I have to admit, I was a bit hurt. I didn’t expect him to jump all over me, though that would have been nice. But I at least expected a tail wag or some kind of joyful acknowledgement. Instead, he simply stood as I was handed the leash, and turned toward the door. The woman filled me in on him a little more and handed me a pamphlet titled “My First Dog”. I took it and thanked her then looked down at Silence. He glanced up at me, then back at the door and stepped forward. He wanted out; and I was his ticket.

As soon as I reached the car and opened the door he was inside and standing on the backseat, his fore paws propped on the windowsill. I tried my best to ignore the smudgy prints his nose left on the tinted glass. I climbed into the driver’s seat and drove out of the parking lot, sadly feeling less excited then I did when I was driving to the shelter.

The whole ride home was strange. I was taking home my new dog and I felt awkward, like a teenage girl on her first date.

“I think you’ll like it at my house,” I said, pretty loudly. I glanced in the rearview mirror. Silence was watching the back of my head. He yawned; his thin jaws opening wide and lay his head on his little front paws. I sighed and turned into my driveway.

Once inside, Silence stood in the doorframe, looking unsure. I ushered him in and closed the door. He looked up at me, just staring like he had the first time I met him, and then trotted into the kitchen. He circled the island and sniffed the closed pantry door. He hesitated in the living room to look at my fish tank, which was empty except for a cleaner shrimp and a skinny silver minnow.

When he reached the short staircase, he studied the five steps carefully before giving a grunt and leaping directly onto the second floor, legs tucked neatly beneath him. He landed quietly and walked down the hall. I followed him. I found him in the guest room, on the bed. He was circling, nose pressed to the comforter. 

“No, bad dog. Get off.” I didn’t want the bed being disheveled or peed on. Silence stared at me, not bothering to lift his head from the bedspread. Finally, he jumped down and walked out of the room, watching me over his shoulder. It was weird, but something about him scared me. I didn’t know what to expect from him.

I could here his long toenails clicking down the hall and I smiled when I heard the thump of him landing at the bottom of the stairs and trotting away.


*                               *                               *                             *                              *


The trial month passed quickly. I tried relentlessly to make friends with Silence. I fed him loads of treats and patted him. He’d let me stroke him, but he’d get bored with the attention and walk away. After a while, I just kind of avoided him. He spent most of the time watching the minnow swimming around the fish tank. Every now and then I’d find him curled up at the foot of the guest bed. As soon as I walked into the room, he’d jump down and trot out, watching me warily. I think he was scared of me.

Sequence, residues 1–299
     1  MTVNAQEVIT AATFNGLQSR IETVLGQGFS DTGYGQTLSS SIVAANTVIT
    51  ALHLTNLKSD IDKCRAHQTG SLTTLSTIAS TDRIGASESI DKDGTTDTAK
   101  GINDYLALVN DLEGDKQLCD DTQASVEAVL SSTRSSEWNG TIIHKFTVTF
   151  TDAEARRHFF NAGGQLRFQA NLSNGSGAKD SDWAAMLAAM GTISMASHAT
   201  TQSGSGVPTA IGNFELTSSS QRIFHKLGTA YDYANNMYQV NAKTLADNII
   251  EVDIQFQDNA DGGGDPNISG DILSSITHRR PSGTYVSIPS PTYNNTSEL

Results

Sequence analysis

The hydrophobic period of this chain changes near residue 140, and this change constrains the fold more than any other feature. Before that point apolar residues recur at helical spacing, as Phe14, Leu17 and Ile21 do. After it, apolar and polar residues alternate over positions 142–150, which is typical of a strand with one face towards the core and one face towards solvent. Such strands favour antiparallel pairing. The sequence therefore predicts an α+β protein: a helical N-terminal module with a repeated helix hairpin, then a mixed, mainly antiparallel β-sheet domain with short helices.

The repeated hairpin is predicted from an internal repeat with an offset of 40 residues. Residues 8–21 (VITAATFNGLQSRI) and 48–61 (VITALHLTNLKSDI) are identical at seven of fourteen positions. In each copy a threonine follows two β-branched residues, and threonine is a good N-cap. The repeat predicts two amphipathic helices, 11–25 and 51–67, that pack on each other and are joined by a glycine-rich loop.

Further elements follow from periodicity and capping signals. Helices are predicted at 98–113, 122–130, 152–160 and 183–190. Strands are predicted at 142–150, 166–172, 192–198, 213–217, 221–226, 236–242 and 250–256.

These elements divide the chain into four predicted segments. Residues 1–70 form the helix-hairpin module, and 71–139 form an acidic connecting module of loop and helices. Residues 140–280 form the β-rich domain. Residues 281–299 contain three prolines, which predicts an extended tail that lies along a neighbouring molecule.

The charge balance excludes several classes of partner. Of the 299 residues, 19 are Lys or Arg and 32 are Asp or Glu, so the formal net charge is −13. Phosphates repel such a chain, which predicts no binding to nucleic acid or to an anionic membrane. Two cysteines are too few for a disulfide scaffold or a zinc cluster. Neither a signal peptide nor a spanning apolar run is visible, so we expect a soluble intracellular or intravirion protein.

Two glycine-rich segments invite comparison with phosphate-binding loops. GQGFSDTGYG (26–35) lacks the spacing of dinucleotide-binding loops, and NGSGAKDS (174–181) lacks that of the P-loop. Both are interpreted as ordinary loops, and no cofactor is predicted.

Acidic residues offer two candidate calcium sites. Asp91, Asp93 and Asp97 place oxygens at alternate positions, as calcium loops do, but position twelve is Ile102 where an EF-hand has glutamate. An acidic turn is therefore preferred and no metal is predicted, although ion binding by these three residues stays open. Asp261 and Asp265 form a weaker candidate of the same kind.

The shelter volunteer came on a Sunday afternoon. I was eating a sandwich, watching Silence in the backyard from a living room window. The main door was propped open so I could hear him panting and the birds chirping through the screen door.               

The sound of the doorbell startled me and at the sound of my yelp, Silence trotted to the door, head cocked, peering inside. He pushed the door with one paw and walked inside.

Silence followed me to the front door, and when I opened it, he slowly eased behind my legs.

“Good morning! I’m here to confirm your ownership of this dog.” The woman in the door gestured at Silence as if I didn’t know. I nodded.

I stepped aside to let her come inside. I was caught off balance when suddenly Silence thrust his head in between my legs to watch the woman from the safety of…me.

The gesture surprised me because Silence had always been calm about all people he’d ever met. The woman laughed. “He looks a little nervous. Looks to me like you’re his protector.”

“What?” I looked down at Silence’s head poking from between my knees. He looked up at me with ears forward, his expression curious. He whimpered.

I was shocked. “C’mon buddy. She’s not going to hurt you.” I clutched his collar and pulled him from between my knees. He pressed against my calves, eyeing the woman.

“Hey boy. You’re so good. Yes, you are.” The lady edged forward, bending down so she was eye level with Silence. Suddenly, he growled, low and long.

“Silence!” At the sound of his name, he cowered, hunched to the floor and trotted to the stairs. He was headed to the guest room.

“Well, he obviously loves you.” I looked at the woman.


“Don’t you realize? He was protecting you. He didn’t want me to hurt you. He’s not scared at all. He’s just doesn’t want anything to happen to you.”

I stood for a second, letting that thought sink in.

“Wow. Really?”

The woman nodded, smiling. “I think he’ll be perfectly happy here. I’ll tell the other volunteers that you definitely have yourself a dog. It would be cruel for me to take him from you. Or rather, you from him.”

Smiling, the woman let herself out.



© 2008 <Abby.Autopsy>

Author's Note

ignore grammar. idk if this is any good but i was just really REALLY bored to death. haha please comment :]

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oh and if you didnt notice>>unfinished but will work on it soon so tell me if you want more